When you breastfeed, you give your baby a healthy start that lasts a lifetime. Breastmilk is the perfect food for your baby. Breastfeeding saves lives, money and time.
Breastfeeding your baby
The American Academy of Pediatrics recommends that babies be breastfed exclusively for the first six months, that breastfeeding continue for at least 12 months, and thereafter for as long as mother and baby mutually desire. Medical research has given us many good reasons to breastfeed. It has a positive impact on the baby’s health and benefits for the mother.
Your baby should breastfeed within an hour of being born and then any time they seem hungry or awake. Babies don’t have a set feeding schedule for the first two weeks. Be patient while learning and expect that your baby won’t be predictable at first. It is normal for your baby to sleep and not seem to eat much on the first day. Your baby will act hungrier and eat more often on the second and third days. Your baby should breastfeed as often and for as long as they want during the first two weeks. This is called “baby-led feeding.”
The “magic hour”
Breastfeed as early as possible. We recommend that you hold your baby immediately after birth and place your baby skin-to-skin on your chest. The first hour after birth – called the “magic hour” – ideally is reserved for the infant and parent to get to know each other. During this early skin-to-skin time, the closeness helps your baby regulate his or her temperature along with heart and breathing rates and stimulates digestion and feeding behavior in your baby. It’s also very calming for both mom and baby.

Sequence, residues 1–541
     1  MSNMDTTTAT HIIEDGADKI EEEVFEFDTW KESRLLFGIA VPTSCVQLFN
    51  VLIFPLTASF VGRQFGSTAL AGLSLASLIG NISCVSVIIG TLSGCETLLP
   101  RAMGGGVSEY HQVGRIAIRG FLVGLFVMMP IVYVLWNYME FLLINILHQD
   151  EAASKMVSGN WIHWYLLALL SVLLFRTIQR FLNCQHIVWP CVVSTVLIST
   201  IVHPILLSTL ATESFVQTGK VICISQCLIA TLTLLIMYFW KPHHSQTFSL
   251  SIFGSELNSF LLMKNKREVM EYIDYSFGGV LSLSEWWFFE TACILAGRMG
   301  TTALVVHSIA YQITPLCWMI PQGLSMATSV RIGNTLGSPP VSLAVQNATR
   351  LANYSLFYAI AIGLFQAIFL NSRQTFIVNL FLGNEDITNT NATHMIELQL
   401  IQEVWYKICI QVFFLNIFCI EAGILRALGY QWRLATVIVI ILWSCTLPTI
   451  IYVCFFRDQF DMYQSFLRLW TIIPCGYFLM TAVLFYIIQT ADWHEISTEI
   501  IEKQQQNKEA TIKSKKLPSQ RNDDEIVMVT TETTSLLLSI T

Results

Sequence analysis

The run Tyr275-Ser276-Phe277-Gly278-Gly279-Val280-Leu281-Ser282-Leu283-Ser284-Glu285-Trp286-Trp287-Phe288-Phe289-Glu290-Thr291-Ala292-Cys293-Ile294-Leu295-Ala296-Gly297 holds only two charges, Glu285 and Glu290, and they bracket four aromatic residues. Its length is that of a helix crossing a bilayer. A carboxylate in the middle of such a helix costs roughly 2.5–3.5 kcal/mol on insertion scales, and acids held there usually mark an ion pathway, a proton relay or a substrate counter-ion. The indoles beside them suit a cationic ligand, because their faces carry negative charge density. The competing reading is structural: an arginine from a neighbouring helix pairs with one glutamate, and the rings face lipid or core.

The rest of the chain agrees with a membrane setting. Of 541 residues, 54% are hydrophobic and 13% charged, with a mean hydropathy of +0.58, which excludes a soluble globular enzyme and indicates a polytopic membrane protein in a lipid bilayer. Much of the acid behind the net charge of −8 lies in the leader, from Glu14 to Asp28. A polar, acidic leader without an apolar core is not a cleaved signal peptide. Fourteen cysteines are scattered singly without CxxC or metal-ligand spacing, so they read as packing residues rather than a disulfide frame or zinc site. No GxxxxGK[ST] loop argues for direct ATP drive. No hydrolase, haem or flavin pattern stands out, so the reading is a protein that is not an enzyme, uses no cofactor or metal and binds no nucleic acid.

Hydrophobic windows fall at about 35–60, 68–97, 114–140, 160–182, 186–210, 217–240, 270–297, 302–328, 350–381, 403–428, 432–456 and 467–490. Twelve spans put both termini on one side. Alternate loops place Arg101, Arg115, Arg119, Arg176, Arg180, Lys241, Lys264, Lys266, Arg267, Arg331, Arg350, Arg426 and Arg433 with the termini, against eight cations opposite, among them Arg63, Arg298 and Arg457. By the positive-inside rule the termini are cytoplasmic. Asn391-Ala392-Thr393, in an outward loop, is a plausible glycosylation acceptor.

Prisma Health’s certified lactation consultants are available to help you with any breastfeeding troubles, questions or concerns.
- Droplet – Breastfeeding education and videos by Jane Morton, MD
- llli.org (La Leche League International) – Breastfeeding information and local support group locations
- KellyMom.com – Includes answers to many breastfeeding questions
- BreastfeedingOnline.com – Information and support for moms who are breastfeeding
- KangarooMotherCare.com – Resource for skin-to-skin contact information
- LowMilkSupply.org – Information and support for moms who are experiencing low milk supply
- bfar.org – Breastfeeding information and support for moms who have had breast or nipple surgery
- HealthyChildren.org – Infant topics sponsored by the American Academy of Pediatrics
- Breastfeeding Made Simple, Nancy Mohrbacher, IBCLC
- The Nursing Mother's Companion, Kathleen Huggins MS, RN
- The Womanly Art of Breastfeeding: 7th Edition, La Leche League International
- Breastfeeding - A Parent's Guide, Amy Spangler, MN, RN, IBCLC